There are several reasons why I wanted to be on Survivor. First, I love the outdoors and any activity associated with it. Of course, Survivor provided that. Second, I loved challenges and competition, I even loved preparing for competition through evaluating strategies and planning. I am an ole basketball coach, this is what I did for years. Third, I enjoy being around people and working with people for all kinds of reasons. I like to get things done. Fourth, I am a dreamer and goal setter and I constantly set goals to achieve dreams for myself, family, and school staff when I was a principal.  

Finally, I don't ever want to live a life of regret.  You do that when you keep saying "I wish I would have."  When I first saw the show, I knew I could do it and be in the final four.  I did not want to say I wish I would have tried for the show. When you keep saying that on any part of your life, you're not going anywhere or living a great life. But one has to remember that I owe a lot to my family for their support and helping me achieve the dream for being on the show.

Another proud moment for me was during one of the challenges I was picked the one they trusted the most. Another proud moment for me was back when I returned home with some of the positive comments I received from the community on how I played the game.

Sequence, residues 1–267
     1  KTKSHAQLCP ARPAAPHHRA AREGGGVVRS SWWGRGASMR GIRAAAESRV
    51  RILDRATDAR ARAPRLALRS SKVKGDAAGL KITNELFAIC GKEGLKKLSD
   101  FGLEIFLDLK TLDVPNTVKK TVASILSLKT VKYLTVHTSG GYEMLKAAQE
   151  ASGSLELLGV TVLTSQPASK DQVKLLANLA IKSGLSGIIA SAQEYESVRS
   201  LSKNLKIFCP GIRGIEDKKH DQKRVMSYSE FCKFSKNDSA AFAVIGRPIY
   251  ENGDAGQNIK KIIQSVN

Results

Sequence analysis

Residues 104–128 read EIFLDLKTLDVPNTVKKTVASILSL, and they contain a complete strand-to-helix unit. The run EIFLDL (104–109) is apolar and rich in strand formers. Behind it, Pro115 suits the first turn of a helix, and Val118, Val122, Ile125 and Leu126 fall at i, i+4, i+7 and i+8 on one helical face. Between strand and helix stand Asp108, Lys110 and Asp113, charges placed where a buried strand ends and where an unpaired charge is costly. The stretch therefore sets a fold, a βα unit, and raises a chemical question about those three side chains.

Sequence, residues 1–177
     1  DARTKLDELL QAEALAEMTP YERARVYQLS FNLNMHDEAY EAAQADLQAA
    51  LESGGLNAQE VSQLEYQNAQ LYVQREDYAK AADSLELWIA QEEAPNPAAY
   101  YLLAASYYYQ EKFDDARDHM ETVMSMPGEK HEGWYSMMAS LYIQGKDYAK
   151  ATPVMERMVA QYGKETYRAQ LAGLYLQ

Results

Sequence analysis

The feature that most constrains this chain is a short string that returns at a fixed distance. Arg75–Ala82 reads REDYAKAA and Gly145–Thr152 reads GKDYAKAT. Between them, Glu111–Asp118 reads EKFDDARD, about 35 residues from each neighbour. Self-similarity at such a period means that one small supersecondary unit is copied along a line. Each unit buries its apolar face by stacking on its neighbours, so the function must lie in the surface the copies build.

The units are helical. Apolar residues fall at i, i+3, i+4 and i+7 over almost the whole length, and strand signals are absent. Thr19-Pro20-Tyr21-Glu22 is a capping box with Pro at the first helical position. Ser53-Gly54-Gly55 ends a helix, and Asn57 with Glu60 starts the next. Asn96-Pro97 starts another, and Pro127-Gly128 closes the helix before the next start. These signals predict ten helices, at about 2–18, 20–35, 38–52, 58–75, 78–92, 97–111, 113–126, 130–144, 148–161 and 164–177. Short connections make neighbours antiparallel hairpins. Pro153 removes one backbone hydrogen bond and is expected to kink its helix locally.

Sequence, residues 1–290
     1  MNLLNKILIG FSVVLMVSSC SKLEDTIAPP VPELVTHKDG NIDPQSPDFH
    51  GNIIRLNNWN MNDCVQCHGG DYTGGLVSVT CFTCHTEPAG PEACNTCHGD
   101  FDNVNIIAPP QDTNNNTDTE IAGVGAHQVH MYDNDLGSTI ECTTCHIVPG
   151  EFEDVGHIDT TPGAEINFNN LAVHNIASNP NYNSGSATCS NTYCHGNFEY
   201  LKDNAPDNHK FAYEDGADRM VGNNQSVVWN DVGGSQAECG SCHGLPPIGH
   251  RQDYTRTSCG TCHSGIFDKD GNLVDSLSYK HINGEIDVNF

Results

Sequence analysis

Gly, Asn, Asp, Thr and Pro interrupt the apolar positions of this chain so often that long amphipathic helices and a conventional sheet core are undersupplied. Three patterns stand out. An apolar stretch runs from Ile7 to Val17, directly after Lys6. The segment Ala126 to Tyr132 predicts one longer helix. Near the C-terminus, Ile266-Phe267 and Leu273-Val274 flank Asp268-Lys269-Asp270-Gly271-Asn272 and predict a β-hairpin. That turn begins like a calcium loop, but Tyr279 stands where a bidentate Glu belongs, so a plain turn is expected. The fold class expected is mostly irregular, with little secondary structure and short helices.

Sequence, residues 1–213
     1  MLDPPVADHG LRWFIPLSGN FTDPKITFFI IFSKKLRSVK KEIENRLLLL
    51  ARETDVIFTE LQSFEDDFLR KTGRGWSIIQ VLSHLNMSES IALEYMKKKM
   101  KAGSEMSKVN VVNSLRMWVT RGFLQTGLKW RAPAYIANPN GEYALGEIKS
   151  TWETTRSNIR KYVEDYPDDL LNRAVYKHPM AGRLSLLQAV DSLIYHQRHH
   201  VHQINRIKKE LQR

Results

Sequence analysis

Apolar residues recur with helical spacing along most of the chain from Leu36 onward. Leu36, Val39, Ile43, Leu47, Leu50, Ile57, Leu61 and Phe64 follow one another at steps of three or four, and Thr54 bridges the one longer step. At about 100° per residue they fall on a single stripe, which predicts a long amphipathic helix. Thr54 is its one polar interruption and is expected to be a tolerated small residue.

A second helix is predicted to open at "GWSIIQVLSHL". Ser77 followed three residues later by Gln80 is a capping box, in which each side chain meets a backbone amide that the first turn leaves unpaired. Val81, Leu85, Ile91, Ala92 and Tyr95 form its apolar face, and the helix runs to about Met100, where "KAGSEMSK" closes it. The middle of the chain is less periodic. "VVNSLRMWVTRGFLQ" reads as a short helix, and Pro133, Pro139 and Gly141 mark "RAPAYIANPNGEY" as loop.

What is your biggest regret from your Survivor experience?

The only regret that I can think of was when we were down to the final four, I let my guard down a little bit. You see, after 36 days of a little food and total exhaustion, sometimes your mind starts asking, "why don't you give up? Take the easy road and head out for some food." I must say, I started thinking about it, and I feel I let my guard down before I realized that was not my personality or desire to do so. So at that time I think I should've tried to get one of the others that was left to go into an alliance with me. 

What's something that will blow fans' minds that happened out there in your season but never made it to TV?

I'm not sure this will blow the fans' minds away, but when Jeff told us it was 124 degrees, I really don't believe fans knew how hot it was. And then, of course, there's the rain. It rained and rained and rained, which caused miserable conditions. And, we really didn't have any food laying around. So we were just hot wet and hungry every day.

How do you feel about the edit you got on the show?

I think it was fair the way the producers showed me most of the game as staying on the outside. This was, of course, one of my strategies, which was to do what I had to do to make it to the final four. I was prepared to be the bossy one, the follower, and, of course, the outside guy looking in. I think throughout the show I did all of those. I just didn't want to set one way and stick with it.

What was it like coming back to regular society after being out there? Was there culture shock or an adjustment coming back?